Menezes’s article draws attention to a cultural scene on the margins of Brazilian society, and even more so in relation to the globalised and commodified world of popular music. Situated in the North-East of Brazil in Fortaleza, a city of 2.6 million people, The Lado B music collective has set up an adiabatic circuit involving each member of the collective. This type of circuit has antecedents, ranging from the interactions characteristic of the relatively autonomous literary scenes of Paris, as depicted in Bourdieu’s (1993) analysis of the nineteenth century field of cultural production in France, to the workings of post-punk scenes of the late 1970s and early 1980s. The Lado B adiabatic circuit involves a rotation of all the key roles that enable a festival to happen. For example, the member of the collective who was performing on the stage at the previous festival is now in charge of the lighting for the current event. Central to Menezes’s analysis is a distinction between musicians for whom music is intimately connected to the routine of everyday life and as such can be considered as a second job, a task to be accomplished rationally, and musicians unwilling to commit to the adiabatic circuit and who consider their practice of music as fundamentally separate from their everyday existence. Music is, for them, a pure leisure activity, a mechanism through which they seek pleasure and escape. It is only those who view music as work, as a second job, that are willing to commit to the rigours and responsibilities of the adiabatic circuit. Moreover, Menezes notes that the position-taking of music as work or as escape is taken both by those with and without economic and cultural capital at their disposal. Money, while important, is not the most important variable in participation in the festival. Those without resources, situated on the margins of Fortaleza, do not seek out culture any less than do those with resources. For them, participation in the festival can be a rationally considered line of work, a potential income source, or it might be a chance to experience the hedonistic and poetic pleasures of the city.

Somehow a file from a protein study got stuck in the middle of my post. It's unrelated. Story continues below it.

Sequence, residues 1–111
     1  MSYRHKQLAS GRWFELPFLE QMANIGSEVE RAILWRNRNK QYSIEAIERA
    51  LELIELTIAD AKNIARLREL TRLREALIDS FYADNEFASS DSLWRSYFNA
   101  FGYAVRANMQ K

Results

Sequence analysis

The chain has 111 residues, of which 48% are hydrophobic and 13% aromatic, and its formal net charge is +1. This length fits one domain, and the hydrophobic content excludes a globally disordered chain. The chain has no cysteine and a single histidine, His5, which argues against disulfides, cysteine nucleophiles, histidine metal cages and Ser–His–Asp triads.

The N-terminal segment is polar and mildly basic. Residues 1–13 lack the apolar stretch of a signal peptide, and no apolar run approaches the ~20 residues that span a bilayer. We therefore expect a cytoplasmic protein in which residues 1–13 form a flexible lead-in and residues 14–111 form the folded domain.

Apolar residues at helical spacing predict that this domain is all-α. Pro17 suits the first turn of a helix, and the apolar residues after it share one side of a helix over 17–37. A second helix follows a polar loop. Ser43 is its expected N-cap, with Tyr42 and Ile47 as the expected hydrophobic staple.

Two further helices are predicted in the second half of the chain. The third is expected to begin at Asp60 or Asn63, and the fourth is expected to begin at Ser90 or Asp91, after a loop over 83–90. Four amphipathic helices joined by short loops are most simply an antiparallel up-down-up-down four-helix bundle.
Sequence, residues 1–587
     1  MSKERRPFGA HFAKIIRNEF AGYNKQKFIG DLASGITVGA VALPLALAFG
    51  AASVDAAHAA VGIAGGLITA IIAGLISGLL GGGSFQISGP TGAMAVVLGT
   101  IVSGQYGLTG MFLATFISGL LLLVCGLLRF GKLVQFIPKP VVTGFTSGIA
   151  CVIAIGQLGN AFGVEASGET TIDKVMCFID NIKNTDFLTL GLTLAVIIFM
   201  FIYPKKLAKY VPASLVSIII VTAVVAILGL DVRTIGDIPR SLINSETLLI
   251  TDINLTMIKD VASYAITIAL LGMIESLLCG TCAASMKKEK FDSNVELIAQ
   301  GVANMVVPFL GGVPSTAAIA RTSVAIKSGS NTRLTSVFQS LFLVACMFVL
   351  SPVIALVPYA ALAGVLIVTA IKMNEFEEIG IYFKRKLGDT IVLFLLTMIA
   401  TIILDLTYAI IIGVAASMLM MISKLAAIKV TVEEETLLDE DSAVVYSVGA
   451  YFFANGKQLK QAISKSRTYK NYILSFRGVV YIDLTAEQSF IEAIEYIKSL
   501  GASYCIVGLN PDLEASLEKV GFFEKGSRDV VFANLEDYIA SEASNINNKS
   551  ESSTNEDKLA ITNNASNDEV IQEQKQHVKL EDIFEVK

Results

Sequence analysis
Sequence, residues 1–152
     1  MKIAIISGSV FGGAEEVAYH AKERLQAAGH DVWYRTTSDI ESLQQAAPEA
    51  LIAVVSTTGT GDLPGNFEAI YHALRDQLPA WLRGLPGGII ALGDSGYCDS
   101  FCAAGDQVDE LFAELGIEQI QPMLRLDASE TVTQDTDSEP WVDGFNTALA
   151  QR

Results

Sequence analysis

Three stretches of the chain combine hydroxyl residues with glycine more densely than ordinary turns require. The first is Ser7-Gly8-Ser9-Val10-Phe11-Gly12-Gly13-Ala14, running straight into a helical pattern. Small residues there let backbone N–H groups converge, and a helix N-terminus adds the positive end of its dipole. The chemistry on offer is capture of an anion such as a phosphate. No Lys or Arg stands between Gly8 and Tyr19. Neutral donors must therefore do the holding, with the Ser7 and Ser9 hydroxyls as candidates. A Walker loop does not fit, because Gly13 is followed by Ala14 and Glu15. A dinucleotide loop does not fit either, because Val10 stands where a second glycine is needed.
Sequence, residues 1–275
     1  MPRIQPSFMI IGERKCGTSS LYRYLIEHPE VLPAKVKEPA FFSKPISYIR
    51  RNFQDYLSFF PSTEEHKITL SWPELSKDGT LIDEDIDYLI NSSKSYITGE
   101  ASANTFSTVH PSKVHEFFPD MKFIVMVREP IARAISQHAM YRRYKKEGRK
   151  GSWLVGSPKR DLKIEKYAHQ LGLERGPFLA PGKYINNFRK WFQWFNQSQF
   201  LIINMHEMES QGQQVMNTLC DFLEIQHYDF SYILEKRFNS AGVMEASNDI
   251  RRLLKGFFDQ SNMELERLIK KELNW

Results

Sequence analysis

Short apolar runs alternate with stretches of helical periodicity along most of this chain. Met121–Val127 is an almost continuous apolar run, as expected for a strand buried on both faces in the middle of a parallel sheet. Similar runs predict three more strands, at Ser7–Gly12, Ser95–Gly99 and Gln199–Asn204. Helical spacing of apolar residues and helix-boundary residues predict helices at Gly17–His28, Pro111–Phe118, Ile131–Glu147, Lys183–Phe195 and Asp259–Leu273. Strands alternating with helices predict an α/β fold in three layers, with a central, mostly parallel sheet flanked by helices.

As sociologists, research on marginalised groups and theorising about the relationship between the centre and the margins (and the symbolic definition of their boundaries) is at the heart of our discipline. It is less common to reflect on marginalisation within the academic field of sociology itself. This is precisely the subject of Berek’s article. He analyses the biographical, academic and public career of Moritz Lazarus, a German Jewish philosopher of great renown in the second half of the nineteenth century. Lazarus was at the centre of society, with considerable influence in shaping the project of the German nation, and yet he found himself marginalised, eventually losing favour as anti-semitic sentiments increasingly found expression in German society. Lazarus laid the foundations of social psychology and worked on fundamental concepts of sociology. He established the notion of Völkerpsychologie, the ‘psychology of peoples’, which was later hijacked by proponents of socio-biological perspectives. He also proposed a sociological conception of the Hegelian notion of the ‘objective spirit’, which informed Simmel’s influential discussions of objective culture as the accrual of human creations such as scientific knowledge, technology, language, literature, music and artistic innovation, religious doctrines and social customs. Objective culture, Simmel went on to argue, appears to have a life of its own that stands above and beyond the subjective culture of individuals. More generally, Lazarus’s input informed sociological theorisations of the concept of culture. Berek argues that being ‘a marginal man in the centre of German society’ was crucial in shaping Lazarus’s social analysis, giving him the intellectual insight to conceptualise culture as a pluralistic endeavour with belonging to a society or nation as a manifestation of agency, with the bond between individuals built collectively. This is a very different interpretation of culture when compared to the substantialist-biological approach to Völkerpsychologie that became more prominent as Lazarus was forced back to the margins of German society.